Third phase of training technical mastery 4 weeks Monday Snatch emphasis

Objectives:

1. To learn the fall snatch sequence

2. To strengthen the muscles involved in the snatch

3. To develop an efficient lifting technique

A. Half-squat snatch from the floor

A. Half-squat snatch from the floor

This is the first step in learning the full competitive snatch. You start to integrate the first hard technical part of the lift, the switch from below the knees (slow controlled pull) to above the knees (explosion). You will catch the bar in a half squat, to get used to dropping under the bar.

Starting position:

1. Feet are hip width, toes are turned slightly outward

2. Legs are flexed at the knees (around 90-100 degrees)

3. Trunk is flexed, back is tightly arched

4. Shoulders are in front of the bar

5. Arms are straight

6. Traps are stretched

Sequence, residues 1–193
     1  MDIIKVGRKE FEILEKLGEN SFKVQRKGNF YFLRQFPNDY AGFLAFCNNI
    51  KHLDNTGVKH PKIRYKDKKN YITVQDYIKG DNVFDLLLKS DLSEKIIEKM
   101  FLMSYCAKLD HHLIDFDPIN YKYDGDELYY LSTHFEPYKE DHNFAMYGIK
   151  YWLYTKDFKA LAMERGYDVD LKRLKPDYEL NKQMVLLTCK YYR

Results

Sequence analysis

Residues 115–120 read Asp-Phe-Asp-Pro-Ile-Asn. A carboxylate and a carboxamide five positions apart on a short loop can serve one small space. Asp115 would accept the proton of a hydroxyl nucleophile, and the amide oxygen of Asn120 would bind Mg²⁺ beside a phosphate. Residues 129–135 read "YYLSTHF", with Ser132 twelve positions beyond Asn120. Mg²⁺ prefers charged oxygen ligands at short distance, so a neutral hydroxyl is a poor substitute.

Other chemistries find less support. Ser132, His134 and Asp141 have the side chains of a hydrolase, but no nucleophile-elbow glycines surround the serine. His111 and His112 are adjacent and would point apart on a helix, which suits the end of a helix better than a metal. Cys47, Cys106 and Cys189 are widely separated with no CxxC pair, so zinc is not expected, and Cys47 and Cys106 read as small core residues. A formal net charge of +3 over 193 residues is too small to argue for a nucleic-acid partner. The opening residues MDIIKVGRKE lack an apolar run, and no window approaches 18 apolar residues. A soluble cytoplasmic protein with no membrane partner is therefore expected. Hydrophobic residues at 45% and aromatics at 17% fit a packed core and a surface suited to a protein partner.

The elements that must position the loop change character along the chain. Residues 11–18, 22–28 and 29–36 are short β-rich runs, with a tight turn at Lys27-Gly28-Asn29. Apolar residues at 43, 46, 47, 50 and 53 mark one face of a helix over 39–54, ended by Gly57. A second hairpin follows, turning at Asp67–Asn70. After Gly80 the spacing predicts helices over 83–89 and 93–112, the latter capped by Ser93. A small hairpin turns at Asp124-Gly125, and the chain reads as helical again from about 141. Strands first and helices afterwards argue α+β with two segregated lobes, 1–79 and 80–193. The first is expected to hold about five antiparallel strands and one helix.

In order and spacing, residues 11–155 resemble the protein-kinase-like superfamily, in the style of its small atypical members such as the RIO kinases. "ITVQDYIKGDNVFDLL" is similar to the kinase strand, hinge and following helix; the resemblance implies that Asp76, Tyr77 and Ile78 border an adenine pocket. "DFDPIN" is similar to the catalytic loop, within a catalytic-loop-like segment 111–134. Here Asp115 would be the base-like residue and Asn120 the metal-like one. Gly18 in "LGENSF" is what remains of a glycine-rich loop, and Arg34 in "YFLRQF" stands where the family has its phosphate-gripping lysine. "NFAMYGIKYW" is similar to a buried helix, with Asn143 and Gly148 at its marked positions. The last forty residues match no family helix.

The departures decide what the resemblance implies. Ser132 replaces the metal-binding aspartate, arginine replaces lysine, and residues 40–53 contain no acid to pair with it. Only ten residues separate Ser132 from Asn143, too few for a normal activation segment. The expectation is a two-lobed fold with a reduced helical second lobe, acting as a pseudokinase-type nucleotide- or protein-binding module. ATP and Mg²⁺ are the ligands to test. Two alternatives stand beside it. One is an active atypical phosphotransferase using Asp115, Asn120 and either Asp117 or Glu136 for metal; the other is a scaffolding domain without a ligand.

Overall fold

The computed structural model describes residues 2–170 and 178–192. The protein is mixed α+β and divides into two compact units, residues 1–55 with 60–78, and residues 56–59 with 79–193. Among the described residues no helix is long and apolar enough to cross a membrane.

7. Head is looking forward

Pull:

1. From the ground to the knees the lifting is controlled, the back angle stays the same, the bar is lifted only via leg extension. 2.Once the bar is above the knees, explode upward with a powerful leg and back extension

3. The bar should be kept close to the body at all times

4. The traps contract forcefully to further accelerate the bar

5. Basically, what we are looking for is for the body to look like a bow (hips forward, back and legs extended)

Catch:

1. Catch the bar in a half squat position

2. Catch the bar with the arms locked, do not press the weight

3. Keep the traps tight to help hold the bar

The loading parameters for the half-squat snatch from the floor are as follows:

Week 1: 2x3, 2 x 2 Week 2: 2 x 3, 2 x 2, 1 x 1 Week 3: 1 x 3, 1 x 2, 2 x 1, Week 4: 2 x 2

Note: You may have noticed that I did not give a percentage or load to use. Well, since most of you have never performed a snatch before, it would be pretty pointless to use percentages to plan your training load! But after the first and second phase of training you should have a good idea of the weight you can handle and by now your technique should be good, so you can begin to lift interesting weights.